Several active fault zones pass through Santa Barbara County. It is important to be prepared for an earthquake. Identify potential hazards in your home. Secure top-heavy furniture to a wall. Use earthquake putty on hanging pictures and mirrors. Secure objects on shelves that could become projectiles during an earthquake.
In the case of an earthquake, remember: Drop, cover and hold on. If you are not near a table or desk, drop to the floor against an interior wall and protect your head and neck with your arms. Avoid exterior walls, windows, hanging objects, mirrors and other objects that could fall.
For more information on earthquake preparedness, visit www.earthquakecountry.info.
Some exposure to sunlight is good, even healthy, but too much can be dangerous. Broad-spectrum ultraviolet radiation, listed as a known carcinogen by the National Institute of Environmental Health Science, can cause blistering sunburns and long-term problems like skin cancer, cataracts and immune suppression. Overexposure also causes wrinkling and premature aging of the skin.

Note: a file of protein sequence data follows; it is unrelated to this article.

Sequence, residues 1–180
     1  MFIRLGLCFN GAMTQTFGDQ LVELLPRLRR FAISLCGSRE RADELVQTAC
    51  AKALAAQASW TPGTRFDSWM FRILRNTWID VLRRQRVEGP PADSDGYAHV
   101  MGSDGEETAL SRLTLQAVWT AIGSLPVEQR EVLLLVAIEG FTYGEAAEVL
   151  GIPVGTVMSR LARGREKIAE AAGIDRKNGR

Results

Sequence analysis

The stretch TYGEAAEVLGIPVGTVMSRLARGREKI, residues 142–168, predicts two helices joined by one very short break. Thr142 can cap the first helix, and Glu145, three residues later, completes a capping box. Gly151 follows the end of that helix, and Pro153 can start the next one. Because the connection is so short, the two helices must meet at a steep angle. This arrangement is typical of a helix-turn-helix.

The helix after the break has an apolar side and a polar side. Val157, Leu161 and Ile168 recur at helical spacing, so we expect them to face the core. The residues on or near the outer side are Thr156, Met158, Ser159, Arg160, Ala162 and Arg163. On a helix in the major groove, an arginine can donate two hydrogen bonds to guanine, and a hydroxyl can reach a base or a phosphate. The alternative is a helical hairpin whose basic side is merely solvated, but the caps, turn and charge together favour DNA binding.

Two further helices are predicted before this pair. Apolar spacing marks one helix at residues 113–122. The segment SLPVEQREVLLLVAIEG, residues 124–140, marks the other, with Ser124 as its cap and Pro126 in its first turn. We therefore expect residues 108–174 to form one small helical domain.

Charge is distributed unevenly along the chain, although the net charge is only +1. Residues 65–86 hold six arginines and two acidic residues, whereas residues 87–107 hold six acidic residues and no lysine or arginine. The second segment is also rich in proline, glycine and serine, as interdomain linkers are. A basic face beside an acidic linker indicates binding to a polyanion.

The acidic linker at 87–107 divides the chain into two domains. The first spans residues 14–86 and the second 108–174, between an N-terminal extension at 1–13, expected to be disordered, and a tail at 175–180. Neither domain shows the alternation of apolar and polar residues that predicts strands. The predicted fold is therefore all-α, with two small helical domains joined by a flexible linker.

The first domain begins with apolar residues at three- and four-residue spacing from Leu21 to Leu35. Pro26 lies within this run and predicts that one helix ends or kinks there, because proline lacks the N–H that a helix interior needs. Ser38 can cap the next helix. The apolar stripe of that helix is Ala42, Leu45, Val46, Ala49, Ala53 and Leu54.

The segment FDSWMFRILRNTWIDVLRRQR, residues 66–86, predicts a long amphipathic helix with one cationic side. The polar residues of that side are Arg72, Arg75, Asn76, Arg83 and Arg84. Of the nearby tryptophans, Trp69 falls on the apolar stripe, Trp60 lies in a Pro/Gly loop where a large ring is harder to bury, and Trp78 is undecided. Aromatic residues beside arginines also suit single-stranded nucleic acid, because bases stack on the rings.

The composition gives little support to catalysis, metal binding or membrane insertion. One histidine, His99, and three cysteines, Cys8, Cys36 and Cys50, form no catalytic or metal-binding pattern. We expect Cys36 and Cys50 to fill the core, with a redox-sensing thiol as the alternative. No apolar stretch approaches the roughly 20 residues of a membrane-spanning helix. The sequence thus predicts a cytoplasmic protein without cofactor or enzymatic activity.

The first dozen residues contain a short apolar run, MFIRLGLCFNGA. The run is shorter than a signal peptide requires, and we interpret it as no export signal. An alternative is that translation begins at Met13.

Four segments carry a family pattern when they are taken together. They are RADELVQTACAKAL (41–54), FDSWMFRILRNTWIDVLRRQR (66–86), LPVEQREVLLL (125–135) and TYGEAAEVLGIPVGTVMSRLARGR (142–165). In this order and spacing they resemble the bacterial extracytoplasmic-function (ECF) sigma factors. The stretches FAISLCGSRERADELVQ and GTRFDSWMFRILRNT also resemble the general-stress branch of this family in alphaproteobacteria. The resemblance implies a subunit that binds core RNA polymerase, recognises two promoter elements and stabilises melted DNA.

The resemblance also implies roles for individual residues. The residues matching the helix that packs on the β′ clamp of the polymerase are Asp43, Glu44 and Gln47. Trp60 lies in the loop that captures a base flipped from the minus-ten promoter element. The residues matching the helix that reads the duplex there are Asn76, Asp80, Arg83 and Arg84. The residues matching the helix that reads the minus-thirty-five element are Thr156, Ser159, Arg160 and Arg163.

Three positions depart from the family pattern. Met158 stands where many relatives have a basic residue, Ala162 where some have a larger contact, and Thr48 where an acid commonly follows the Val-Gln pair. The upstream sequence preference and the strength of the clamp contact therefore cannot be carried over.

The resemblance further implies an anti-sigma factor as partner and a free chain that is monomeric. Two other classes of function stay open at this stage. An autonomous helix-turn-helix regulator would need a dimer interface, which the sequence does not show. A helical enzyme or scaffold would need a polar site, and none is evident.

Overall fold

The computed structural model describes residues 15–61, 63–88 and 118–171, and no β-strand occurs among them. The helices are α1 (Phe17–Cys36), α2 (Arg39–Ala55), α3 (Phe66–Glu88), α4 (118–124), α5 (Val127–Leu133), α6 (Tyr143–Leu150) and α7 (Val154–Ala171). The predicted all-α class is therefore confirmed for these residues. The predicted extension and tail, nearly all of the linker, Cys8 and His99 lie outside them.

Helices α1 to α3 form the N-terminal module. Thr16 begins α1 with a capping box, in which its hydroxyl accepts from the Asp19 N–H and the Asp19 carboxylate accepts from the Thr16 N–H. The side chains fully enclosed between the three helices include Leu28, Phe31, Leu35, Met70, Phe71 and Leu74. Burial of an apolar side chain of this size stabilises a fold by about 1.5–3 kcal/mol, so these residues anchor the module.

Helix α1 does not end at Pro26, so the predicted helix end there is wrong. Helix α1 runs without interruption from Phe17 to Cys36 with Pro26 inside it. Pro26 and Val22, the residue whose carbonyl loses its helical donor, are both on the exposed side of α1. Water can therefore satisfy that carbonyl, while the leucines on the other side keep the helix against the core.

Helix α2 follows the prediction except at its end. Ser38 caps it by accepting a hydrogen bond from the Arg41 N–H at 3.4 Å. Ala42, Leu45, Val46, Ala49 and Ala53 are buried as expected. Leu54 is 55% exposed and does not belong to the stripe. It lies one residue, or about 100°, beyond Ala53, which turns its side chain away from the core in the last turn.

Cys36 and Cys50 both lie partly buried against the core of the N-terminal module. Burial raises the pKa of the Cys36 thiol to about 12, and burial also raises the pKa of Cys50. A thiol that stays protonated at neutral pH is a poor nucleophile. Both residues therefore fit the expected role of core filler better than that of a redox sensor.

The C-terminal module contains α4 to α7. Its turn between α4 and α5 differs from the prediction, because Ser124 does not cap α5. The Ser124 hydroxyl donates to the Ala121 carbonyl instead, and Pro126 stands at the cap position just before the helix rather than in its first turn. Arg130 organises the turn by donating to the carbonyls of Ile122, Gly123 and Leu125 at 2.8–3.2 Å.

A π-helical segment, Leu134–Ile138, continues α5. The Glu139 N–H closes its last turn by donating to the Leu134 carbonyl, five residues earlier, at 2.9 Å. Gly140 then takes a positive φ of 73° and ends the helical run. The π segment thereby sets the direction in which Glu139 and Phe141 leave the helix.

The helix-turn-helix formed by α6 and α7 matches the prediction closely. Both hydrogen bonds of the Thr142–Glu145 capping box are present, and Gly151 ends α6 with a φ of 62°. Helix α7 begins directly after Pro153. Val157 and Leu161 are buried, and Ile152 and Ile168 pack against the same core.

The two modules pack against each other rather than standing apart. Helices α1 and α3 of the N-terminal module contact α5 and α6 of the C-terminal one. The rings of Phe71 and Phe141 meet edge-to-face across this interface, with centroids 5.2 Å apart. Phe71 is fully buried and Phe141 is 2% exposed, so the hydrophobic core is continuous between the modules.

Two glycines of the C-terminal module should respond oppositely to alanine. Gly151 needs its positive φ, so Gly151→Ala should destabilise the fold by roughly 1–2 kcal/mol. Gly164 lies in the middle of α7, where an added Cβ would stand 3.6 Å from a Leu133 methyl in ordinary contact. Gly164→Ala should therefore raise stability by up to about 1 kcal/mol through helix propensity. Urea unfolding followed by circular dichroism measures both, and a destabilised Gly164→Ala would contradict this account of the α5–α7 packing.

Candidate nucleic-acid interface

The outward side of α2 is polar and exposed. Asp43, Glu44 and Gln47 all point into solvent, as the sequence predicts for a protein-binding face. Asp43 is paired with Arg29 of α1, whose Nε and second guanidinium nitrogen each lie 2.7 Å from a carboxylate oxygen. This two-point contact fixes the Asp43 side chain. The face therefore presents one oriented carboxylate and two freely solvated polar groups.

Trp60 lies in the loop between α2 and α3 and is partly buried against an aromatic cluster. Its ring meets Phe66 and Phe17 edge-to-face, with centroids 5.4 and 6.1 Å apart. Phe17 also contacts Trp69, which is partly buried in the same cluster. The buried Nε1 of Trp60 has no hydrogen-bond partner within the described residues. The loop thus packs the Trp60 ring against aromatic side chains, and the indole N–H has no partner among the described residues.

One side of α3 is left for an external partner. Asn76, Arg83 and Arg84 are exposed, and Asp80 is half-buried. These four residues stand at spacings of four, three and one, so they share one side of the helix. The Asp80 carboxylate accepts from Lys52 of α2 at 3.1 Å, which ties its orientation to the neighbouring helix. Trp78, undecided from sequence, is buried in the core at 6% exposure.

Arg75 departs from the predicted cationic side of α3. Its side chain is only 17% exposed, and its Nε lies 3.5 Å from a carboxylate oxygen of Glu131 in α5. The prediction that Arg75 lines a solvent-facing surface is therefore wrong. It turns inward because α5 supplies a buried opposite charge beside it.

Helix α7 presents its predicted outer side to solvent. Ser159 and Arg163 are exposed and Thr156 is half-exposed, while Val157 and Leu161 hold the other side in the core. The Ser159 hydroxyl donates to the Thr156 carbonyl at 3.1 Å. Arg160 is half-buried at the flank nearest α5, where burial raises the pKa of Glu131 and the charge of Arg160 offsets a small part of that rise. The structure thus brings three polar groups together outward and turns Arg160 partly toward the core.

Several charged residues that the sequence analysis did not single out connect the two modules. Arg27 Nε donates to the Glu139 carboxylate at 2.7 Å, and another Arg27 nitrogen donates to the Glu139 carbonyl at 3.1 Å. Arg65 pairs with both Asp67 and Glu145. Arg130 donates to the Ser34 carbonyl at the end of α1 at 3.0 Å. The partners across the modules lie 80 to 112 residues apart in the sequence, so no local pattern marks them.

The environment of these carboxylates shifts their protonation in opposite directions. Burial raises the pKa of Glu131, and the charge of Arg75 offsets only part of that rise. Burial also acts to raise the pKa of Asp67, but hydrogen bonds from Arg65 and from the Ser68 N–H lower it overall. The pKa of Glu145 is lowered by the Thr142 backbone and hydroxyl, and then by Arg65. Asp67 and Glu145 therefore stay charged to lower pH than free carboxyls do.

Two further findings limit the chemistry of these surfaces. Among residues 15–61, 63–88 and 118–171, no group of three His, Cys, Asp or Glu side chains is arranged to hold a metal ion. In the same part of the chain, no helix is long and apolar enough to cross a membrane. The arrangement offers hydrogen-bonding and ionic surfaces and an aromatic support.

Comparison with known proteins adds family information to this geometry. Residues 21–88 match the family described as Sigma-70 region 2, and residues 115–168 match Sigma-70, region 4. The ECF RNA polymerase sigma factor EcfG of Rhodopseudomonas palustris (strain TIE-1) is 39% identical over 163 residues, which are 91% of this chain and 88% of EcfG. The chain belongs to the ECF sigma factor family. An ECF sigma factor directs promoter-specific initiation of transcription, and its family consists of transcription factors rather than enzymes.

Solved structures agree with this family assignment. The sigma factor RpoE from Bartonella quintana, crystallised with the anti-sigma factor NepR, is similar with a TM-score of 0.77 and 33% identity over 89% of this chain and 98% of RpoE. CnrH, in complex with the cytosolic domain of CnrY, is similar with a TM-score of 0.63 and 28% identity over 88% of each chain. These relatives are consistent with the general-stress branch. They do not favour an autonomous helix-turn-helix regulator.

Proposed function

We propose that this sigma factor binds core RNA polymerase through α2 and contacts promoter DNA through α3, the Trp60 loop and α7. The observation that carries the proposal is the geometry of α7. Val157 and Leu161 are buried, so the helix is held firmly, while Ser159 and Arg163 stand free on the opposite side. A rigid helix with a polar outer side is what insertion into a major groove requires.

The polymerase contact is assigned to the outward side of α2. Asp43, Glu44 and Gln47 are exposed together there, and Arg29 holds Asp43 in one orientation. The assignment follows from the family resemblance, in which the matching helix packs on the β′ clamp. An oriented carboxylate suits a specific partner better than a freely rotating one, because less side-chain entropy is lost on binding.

Cloud cover — which can be sparse in Santa Barbara County — reduces UV levels but not completely. Depending on the thickness of the cloud cover, you can still burn on a cold and dim day. So be prepared with sunglasses, sunscreen, long-sleeved garments, wide-brimmed hats and an umbrella.
Santa Barbara County experiences wildfires on a regular basis in part due to the local vegetation’s conduciveness to wildfires. Even when urban areas are not threatened, the smoke and ash produced can create air quality issues for hundreds of miles. Wildfires are unpredictable and impossible to forecast so preparation is especially important. Find wildfire tips from the Santa Barbara County Fire Department at www.sbcfire.com/firestorms.